• Activities: This is why we travel. If you're not going to experience the places you travel to, why go there? It doesn't mean that you have to spend too much to get a lot out of it. Prices vary considerably, but generally speaking temple entry is free to $3 (higher in Bangkok), historical sites are $1-5, and nature sites are free-$3. These are rough estimates, but I've rarely spent more than $5 in one place. Tours can range from the cheap, my Ha Long Bay tour was $15, to the very expensive, elephant tours are usually $75-150 (I decided against it). If you want cooking classes, its usually $15-30. If you want to save money, then never book someone to do something you can do yourself. If you don't have a choice (i.e. Ha Long Bay) then find a reputable cheap option. If you stay at quality cheap hostels, they can be of immense help with this. Don’t forget that you can splurge on an activity or two that you really want to do, so still go to Angkor Wat even though it costs $62, SCUBA diving if that’s a dream of yours, or another item on your bucket list. If won’t kill your budget if you keep costs down in other areas.

  • Alcohol: Beer is king and usually pretty good. Prices range from $0.20-0.50 (Vietnam) to $0.80-$1 (Laos/Cambodia) to $1.20-$2 (Thailand) and higher in bars. It sounds cheap until you drink 6 of them and you realize you drank double what you paid for your dorm bed. If you're a heavy partier, you will have a very hard time staying under budget, especially if you drink liquor instead of beer. Doesn't mean that you can't drink and keep a moderate budget, even I can't resist a delicious BeerLao, but there's a reason alcohol and financial sense don't mix well.

  • Taxis: As mentioned above, avoid taxis. If you do need them, then download Grab. It's the "uber" of SEA and will keep you from getting ripped off. Keep in mind the ways the locals travel and do that. In Thailand, Tuk Tuks are almost always a rip-off (besides the “red taxis”) but in Cambodia they’re the main taxi option while Vietnam relies on motorbike taxis. The locals almost always do the cheapest option, so follow their lead.

  • Souvenirs: If you find a meaningful souvenir, then don't feel bad getting it. Just make sure its ethical, meaning don't buy things made from the metal from bombs (encourages dangerous scavenging), animal parts (encourages poaching), looted historical artifacts (illegal and could get you in trouble for bringing out of the country), from children (encourages them to drop out of school and continues the poverty cycle), and other discouraged practices. To find the best deals, buy items from their source or in markets where you see local people actually buying things, not just tourists.

Additional tips:

  • Never think of money in terms of your own currency/prices back home. A $10 cab ride may sound cheap if you're from New York, but if the local price is $2 you're grossly overpaying. This extends to everything from food to hostels. To find the local price, ask hostel staff or ask various sellers to see how much the going rate is. For consumer goods, see what the price is at national chains like 7-11 and go from there.

  • Mentally use a comparative pricing system. If your dorm costs $4 and that Starbucks costs $4 then is the drink worth losing another night of travel? At the same time, maybe a little piece of home is what you need to keep going when you feel homesick. Know the price you're willing to pay and prioritize what you're willing to spend it on.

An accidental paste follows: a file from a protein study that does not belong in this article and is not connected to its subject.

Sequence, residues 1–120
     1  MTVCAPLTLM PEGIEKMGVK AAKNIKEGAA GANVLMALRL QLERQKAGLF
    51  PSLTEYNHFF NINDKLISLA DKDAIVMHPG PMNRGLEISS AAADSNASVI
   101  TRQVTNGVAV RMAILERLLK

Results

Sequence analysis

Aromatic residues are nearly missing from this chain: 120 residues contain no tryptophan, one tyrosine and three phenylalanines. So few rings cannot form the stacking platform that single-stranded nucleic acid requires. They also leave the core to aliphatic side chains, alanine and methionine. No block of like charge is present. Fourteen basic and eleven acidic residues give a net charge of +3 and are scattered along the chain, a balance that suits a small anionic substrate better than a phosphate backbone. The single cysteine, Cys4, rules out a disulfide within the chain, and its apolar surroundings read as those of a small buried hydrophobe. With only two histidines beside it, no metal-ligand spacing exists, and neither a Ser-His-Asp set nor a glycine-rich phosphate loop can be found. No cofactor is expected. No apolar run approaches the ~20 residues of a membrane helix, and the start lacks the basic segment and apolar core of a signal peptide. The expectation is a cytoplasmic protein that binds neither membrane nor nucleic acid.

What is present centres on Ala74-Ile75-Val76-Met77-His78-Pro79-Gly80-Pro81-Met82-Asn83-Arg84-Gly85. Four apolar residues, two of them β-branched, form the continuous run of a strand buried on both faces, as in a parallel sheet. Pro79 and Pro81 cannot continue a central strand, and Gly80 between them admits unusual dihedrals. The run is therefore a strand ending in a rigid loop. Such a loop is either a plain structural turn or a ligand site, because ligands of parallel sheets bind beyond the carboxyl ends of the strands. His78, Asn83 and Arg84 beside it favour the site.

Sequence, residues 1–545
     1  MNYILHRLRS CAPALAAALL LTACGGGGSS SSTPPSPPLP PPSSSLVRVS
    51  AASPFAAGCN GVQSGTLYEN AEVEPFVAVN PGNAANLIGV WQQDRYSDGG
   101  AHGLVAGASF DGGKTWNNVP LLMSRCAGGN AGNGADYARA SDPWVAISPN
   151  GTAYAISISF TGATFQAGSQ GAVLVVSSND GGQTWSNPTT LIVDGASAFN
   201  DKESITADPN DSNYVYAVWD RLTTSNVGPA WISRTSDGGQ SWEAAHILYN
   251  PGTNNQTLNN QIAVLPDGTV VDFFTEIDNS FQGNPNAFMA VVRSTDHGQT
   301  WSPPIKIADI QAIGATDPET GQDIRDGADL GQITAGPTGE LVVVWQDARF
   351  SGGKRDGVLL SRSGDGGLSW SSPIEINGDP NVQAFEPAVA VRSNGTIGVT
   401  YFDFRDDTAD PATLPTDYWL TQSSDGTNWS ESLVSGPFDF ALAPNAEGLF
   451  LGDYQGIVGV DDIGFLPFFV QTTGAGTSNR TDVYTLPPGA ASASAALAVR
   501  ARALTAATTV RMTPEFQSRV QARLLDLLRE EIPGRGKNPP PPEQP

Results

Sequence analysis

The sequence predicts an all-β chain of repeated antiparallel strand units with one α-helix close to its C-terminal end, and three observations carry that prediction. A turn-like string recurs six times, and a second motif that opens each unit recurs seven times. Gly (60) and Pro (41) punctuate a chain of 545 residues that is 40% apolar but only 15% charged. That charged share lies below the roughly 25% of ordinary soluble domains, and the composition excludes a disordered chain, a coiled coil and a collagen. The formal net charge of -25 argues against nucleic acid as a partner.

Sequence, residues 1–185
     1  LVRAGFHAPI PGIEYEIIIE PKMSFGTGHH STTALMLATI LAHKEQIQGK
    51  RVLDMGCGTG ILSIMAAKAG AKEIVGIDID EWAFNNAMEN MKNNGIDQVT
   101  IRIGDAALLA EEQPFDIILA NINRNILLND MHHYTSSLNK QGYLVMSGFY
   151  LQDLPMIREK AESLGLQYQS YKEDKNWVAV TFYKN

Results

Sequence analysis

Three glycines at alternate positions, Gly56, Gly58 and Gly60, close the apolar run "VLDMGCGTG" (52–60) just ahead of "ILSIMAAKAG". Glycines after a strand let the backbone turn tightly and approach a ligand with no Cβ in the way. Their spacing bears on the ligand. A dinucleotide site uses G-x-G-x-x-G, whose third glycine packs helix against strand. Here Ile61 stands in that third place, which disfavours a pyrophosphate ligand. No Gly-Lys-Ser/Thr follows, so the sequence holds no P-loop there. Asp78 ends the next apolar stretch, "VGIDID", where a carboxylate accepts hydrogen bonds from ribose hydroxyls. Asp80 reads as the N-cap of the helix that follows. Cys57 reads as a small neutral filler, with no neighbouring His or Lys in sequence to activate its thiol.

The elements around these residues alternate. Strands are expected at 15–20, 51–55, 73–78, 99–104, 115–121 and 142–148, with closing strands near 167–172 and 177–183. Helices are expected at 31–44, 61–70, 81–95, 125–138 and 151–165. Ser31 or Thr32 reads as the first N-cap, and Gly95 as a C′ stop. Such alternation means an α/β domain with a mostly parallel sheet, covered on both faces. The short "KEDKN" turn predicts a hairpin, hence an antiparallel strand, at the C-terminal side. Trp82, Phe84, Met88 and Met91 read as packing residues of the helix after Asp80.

• Sometimes prices aren't scaled the same as back home, so be careful. For example, a juice can easily cost more than a full local meal in SEA. At the same time, drinks like beer may be only a couple cents more expensive than soft drinks at dinner. It may surprise you, so remember to keep prices relative to each other, not your expectations.

  • Don't get ripped off, but don't be a jerk either. Don't allow someone to overcharge you double or triple what the real cost is. At the same time, most people selling things on the street are extremely poor. Paying $0.20 more is not going to kill you, but it may mean making a sale that helps someone else get to eat that day. Find the price that you are willing to pay, and if you think its fair then don't push it unnecessarily low.

  • Keep track of all purchases. I use the Tripcoin app on iOS and I've found it works great for me, especially considering it's free. I'm sure there's other options out there as well. Believe me, money is much more real when you see how much you're actually spending and it allows you to budget accordingly.

  • Get an ATM fee free card before leaving and withdraw cash free from anywhere. Charles Schwab is a great option for Americans.

  • Always buy travel insurance. If anything goes wrong, it pays for itself. I use World Nomads and since they more than adequately serviced my claim I'll probably stick with them. If you plan on riding a motorbike (and even if you don't plan on it) get a license and an international drivers permit before leaving to stay covered in the case of an accident.

  • Consider teaching English online if you qualify and need some extra cash. One or two days working could likely fund an entire week of travel in many places.

I apologize for how long this post is, but congrats if you made it to the end. My trip is over 6 months long (and still going) but almost everything I said still applies even if you aren't planning on being gone so long. I'll be happy to answer any additional questions people have in the comments. I still plan on going to southern Thailand, Malaysia, Singapore, and Indonesia in the next 2 months, so if anyone has any advice on those destinations I'm all ears as well.